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Living Truth: Generosity

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Living Truth

Matthew 22:15-22

October 22, 2023

At one time or another, every older child had tried to trick their younger brother or sister into giving them a quarter or a nickel. The younger child will have a coin and the older child will say, “Let’s play a game with your quarter. Flip the quarter and the rules will be heads I win and tails you lose.” The younger brother or sister says, “OK!” and flips the quarter. When heads appears, the older child says, “Heads, I win, the quarter is mine.” But often times the older child will give their younger brother or sister a second chance by asking, “Should we do it again?” The younger child immediately says, “Yes,” flips the coin, and when tails appears, the older child says, “Tails, you lose, the quarter is mine.” At this point it suddenly dawns on the younger child that this is truly a no-win situation. Whatever way the coin lands, the older brother or sister will win.

In our Gospel lesson for today Jesus was challenged with an interesting dilemma. The Pharisees and Herodians, two groups of people who actually hated each other, team up to try to discredit Jesus through a simple debate. There is an old saying that politics makes strange bedfellows and this situation is a classic example. The Pharisees were the Jewish religious leaders of the day and they believed it was wrong to pay taxes to a foreign government, in this case Rome – who was ruling their land. The Herodians were Jews, like the Pharisees, but they supported the Roman government and believed that it was proper to pay taxes to Rome, because of the services the government provided. As a result, the Pharisees hated the Herodians, because they viewed them as traitors. Jews should only have to answer to God, the Pharisees thought, not some foreign government. The Herodians, meanwhile, hated the Pharisees, because they thought it was right to support the government. Plus, they did not have any real interest in the church.

And yet, while both groups hated each other, they hated Jesus even more, because Jesus’ popularity took away from their own popularity among the people. In fact, these two groups not only wanted Jesus silenced, they wanted Him dead. What’s so amazing is that here is Jesus, God in the flesh, the only source of good in our world, standing right before them and yet all they see is evil and a threat. So they get together and come up with a way they believe they can get people to turn against Jesus or maybe even kill Him without having to do it themselves. They begin their scheme by approaching Jesus with some flattery and then posing a what they think is a perfect trick question to Him. In verse 16-17 they said, “Teacher, we know that you are true and teach the way of God truthfully, and you do not care about anyone’s opinion, for you are not swayed by appearances. Tell us, then what you think. Is it lawful to pay taxes to Caesar, or not?” Well that sounds innocent enough – just an invitation for some wholesome debate about whether paying taxes to Caesar is in accordance with God’s law.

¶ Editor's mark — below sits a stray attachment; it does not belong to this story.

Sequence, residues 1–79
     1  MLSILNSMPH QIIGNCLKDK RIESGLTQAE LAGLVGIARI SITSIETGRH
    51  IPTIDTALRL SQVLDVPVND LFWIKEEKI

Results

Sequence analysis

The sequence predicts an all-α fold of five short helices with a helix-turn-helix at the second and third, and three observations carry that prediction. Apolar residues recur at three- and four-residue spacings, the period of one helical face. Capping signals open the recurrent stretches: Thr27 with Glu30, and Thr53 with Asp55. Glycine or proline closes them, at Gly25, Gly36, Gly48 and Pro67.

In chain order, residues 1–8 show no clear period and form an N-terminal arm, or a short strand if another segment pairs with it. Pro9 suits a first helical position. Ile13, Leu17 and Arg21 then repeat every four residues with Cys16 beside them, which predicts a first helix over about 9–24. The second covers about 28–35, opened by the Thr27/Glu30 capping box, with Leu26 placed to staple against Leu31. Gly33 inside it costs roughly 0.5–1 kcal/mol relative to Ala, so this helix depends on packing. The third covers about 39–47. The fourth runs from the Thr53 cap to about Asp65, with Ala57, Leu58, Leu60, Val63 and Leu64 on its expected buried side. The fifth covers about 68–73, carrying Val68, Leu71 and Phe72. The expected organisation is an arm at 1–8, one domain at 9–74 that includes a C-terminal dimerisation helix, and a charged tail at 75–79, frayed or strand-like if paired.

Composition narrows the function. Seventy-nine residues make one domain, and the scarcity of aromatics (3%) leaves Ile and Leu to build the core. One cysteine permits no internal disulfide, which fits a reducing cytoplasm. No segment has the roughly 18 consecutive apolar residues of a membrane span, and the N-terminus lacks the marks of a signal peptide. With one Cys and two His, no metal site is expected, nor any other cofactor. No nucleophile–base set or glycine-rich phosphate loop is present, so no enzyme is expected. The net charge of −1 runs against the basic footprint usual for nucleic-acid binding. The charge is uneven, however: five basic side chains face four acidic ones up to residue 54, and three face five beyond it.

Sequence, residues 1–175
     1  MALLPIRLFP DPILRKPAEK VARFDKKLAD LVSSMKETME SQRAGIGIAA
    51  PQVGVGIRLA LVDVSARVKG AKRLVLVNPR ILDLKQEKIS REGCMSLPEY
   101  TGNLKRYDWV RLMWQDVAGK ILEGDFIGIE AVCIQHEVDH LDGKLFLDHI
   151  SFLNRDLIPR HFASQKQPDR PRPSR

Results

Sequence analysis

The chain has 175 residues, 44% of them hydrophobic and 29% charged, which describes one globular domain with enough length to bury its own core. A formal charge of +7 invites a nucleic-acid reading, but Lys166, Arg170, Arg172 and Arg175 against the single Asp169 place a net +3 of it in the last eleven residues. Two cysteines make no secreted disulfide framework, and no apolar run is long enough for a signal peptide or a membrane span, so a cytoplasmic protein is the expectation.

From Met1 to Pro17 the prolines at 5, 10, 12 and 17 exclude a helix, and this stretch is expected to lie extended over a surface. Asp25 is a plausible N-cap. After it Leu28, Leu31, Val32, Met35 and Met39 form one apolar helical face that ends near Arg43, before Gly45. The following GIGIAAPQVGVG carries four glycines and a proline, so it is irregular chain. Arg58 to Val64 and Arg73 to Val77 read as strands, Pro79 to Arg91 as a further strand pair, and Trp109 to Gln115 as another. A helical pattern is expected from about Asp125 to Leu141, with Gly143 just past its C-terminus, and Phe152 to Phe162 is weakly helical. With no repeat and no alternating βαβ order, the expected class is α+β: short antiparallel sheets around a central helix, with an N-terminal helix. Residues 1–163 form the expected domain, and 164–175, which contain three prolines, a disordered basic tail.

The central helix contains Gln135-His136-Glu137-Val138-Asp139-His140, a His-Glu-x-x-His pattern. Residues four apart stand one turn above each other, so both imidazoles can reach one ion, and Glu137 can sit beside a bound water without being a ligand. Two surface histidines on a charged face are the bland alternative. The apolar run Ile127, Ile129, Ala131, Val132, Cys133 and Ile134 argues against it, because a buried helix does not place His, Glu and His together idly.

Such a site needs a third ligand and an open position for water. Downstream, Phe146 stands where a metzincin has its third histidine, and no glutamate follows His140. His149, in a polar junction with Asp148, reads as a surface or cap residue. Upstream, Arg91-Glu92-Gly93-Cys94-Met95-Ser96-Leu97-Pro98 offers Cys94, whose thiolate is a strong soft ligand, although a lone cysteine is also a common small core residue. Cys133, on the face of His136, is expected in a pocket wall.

But Jesus immediately knows that this debate is not about a genuine desire to understand God’s Law. It is all about trying to discredit Him. Jesus knows they are trying to trick Him, because if He says, “Yes, it is lawful to pay taxes to Caesar,” the Pharisees will consider Him to be a traitor to the Jewish people and the crowds of people may turn against Him. If He says, “No, it is not lawful to pay taxes to Caesar,” the Herodians will report Him to the Roman government and He will be executed. Jesus is fully aware of their intent to trap Him in His words, so He responds by saying, “Why put me to the test you hypocrites?” Both groups were looking for a simple “yes or no” answer, thinking He is going to upset one group or the other.

Instead, Jesus showed them the face on a coin and let them answer their own question by saying, “Give to Caesar the things that are Caesar’s, and to God the things that are God’s.”